8. He’s Been There Too
Daniel: Liberty Quartet bass singer Royce Mitchell is featured on this song. It’s somewhat unusual to give a bass singer a solo on a big ballad, but Mitchell is equally adept at singing straight-ahead low bass and almost operatic higher bass, and he showcases his operatic bass/baritone range to great effect here.
Aaron: As a first-time listener of Liberty Quartet, one would be hard-pressed to believe that the featured singer here is the same guy that was rocking the low end of the spectrum a couple of tracks back. But it is indeed Royce Mitchell, and like Daniel said, his bass/baritone range sounds great here.
Wes: This is a nice ballad, and Mitchell really shows some nice range.
9. Why Wouldn’t I
Aaron: Lead singer Dan Gilbert is a two-fold singer; on slower songs, he sounds like Bryan Hutson. But give him a hard-driving faster song like this and you have a young Arthur Rice. This is a good, country-style track.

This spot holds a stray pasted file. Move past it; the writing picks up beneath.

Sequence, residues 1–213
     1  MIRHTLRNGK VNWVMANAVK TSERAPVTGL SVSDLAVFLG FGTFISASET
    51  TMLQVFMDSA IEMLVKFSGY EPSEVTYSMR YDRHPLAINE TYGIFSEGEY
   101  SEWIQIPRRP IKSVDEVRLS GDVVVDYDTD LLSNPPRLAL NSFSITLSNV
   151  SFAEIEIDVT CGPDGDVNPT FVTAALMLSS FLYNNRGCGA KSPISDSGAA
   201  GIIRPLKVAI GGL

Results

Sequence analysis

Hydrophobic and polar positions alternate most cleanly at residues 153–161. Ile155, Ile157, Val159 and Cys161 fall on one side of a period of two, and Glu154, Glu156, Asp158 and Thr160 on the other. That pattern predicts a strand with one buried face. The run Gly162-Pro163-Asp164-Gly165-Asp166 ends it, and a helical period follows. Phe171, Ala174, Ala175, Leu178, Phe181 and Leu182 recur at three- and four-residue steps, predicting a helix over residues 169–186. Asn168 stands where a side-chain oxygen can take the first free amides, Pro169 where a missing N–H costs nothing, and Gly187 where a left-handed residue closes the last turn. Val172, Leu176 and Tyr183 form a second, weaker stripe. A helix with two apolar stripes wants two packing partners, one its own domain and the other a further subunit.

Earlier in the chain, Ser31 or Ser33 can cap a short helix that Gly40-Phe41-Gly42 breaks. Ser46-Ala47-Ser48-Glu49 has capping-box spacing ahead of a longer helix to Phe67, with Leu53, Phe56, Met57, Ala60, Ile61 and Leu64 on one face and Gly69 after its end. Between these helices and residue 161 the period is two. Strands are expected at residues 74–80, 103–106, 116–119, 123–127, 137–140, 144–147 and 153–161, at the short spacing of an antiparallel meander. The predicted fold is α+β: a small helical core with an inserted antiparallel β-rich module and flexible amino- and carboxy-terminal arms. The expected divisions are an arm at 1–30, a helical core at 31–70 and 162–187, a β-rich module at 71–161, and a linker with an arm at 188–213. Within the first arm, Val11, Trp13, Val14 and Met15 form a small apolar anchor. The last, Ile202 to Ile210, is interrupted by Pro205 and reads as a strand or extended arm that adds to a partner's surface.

Daniel: I didn’t notice earlier that you were about to get to the same comparison I had in mind!
Wes: This is a nice, solid uptempo track. Nothing flashy, but just good solid singing.
10. He Will Quiet You
Wes: This is a nice, soft, tender ballad. I like the echo harmonies on the first part of the chorus up against the unison echoes on the last part of the chorus. The round like harmonies on the bridge are very nice as well, and something to set this song apart.